EMC's Tucci sees hybrid cloud becoming de facto standard

EMC has spent $10.5B on internal R&D over the past eight years

LAS VEGAS -- As far as EMC CEO Joe Tucci is concerned, the future of his company is the hybrid cloud and big data analytics.

Speaking to about 6,000 user customers and several reseller partners at the company's annual user conference, Tucci said corporate data is growing at "staggering" rates, and 90 per cent of it is unstructured - files, photos, video, email or social networking communications. Adding to that growth are the variety of data types now in use, the way data is being managed and the number of devices being used by corporate employees, including tablets and smart phones.

Tucci pointed to new open-source web application frameworks that are changing the way data is created and accessed, such as Ruby on Rails, Spring and Python.

"The customer with the winning model is going to be both moving the internal infrastructure to [x86 server-based] private clouds and federating that with a public service partner," he said.

Over the past eight years, EMC has spent $10.5 billion on internal research and development and $14 billion on mergers and acquisitions, a majority of that toward building out a cloud strategy with companies like VMware, RSA, Data Domain, Greenplum and Isilon Systems.

"We're assembling best-of-breed technology, people and partners to help customers to access the cloud and big their data assets," he said. "I've been doing this for 40 years ..., [and] I've ... seen infrastructure, applications and end user devices change -- but never all at same time."

EMC's vision for addressing the deluge of worldwide corporate data, which amounts to zettabytes annually, involves the use of VMware to virtualize the server infrastructure, highly resilient arrays and "cloud" clustered storage systems, and semi-structured and unstructured data analytics to mine useable information.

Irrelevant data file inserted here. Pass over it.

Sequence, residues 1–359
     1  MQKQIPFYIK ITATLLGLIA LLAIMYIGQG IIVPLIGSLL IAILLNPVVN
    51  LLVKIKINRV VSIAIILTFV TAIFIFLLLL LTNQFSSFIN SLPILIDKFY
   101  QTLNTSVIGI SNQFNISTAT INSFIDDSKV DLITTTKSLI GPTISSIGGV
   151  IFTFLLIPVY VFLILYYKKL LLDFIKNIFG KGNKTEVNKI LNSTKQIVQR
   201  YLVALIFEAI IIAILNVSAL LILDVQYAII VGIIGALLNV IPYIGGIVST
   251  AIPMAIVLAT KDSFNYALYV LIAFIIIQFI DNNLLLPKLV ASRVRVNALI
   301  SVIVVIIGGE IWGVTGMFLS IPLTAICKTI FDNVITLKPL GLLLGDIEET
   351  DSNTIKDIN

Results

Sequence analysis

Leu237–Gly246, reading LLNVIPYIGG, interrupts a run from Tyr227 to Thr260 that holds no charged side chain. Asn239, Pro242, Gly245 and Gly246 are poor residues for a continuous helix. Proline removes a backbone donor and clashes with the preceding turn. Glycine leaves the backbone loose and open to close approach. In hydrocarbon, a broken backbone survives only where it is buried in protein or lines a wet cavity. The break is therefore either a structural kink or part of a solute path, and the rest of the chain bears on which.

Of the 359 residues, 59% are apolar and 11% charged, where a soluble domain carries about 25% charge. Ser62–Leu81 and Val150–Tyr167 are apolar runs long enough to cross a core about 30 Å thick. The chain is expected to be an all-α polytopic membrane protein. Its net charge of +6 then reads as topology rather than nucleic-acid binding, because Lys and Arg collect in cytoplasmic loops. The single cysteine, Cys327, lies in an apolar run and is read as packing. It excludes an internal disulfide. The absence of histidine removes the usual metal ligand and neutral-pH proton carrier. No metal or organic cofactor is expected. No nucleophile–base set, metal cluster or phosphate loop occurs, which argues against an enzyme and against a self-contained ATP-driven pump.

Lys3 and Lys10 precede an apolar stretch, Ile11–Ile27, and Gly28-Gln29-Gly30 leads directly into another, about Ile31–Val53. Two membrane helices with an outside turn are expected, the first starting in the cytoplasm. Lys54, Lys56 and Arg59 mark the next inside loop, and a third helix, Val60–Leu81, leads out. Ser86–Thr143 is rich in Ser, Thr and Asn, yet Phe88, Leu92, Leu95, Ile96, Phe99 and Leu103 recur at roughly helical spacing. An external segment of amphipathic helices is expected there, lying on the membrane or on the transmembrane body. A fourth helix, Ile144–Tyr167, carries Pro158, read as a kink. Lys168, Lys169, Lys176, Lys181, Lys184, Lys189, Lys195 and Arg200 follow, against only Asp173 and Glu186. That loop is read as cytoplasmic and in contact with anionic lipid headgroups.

Quoting figures from research firm Gartner, Tucci said 35 per cent of companies were implementing private clouds in 2010 and 30 per cent more will roll them out in 2011. Unable to compete against traditional database providers such as IBM, Oracle and Microsoft because they are "established" players, EMC will target semi-structured and unstructured data with its storage and analytics products. For example, EMC has unveiled a new Hadoop Distributed File System and its Greenplum data analytics database.

"The database world will change dramatically," he said. "It's all about getting real-time information to make your life better [and] make your company more competitive."

If data can't be mined for its value, it shouldn't be stored, he said. To that end, EMC is training and certifying "data scientists" for its customers. A data scientist would spend his or her time determining the value of a corporation's data.

And, all of that will be protected by EMC's RSA security software, he said.

"This is the number one issue [for corporate] board members concerned with IT -- the security of information," he said. "So the key is going to be 'can I trust this cloud computing' be it private, public or hybrid. We're making sure can verify identities."

Lucas Mearian covers storage, disaster recovery and business continuity, financial services infrastructure and health care IT for Computerworld. Follow Lucas on Twitter at @lucasmearian or subscribe to Lucas's RSS feed. His e-mail address is lmearian@computerworld.com.

Read more about cloud computing in Computerworld's Cloud Computing Topic Center.

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Tags cloud computingdatabasesinternetVMwarestoragesoftwareemcapplicationsgreenplumIsilon SystemsBI and Analytics

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Lucas Mearian

Computerworld (US)
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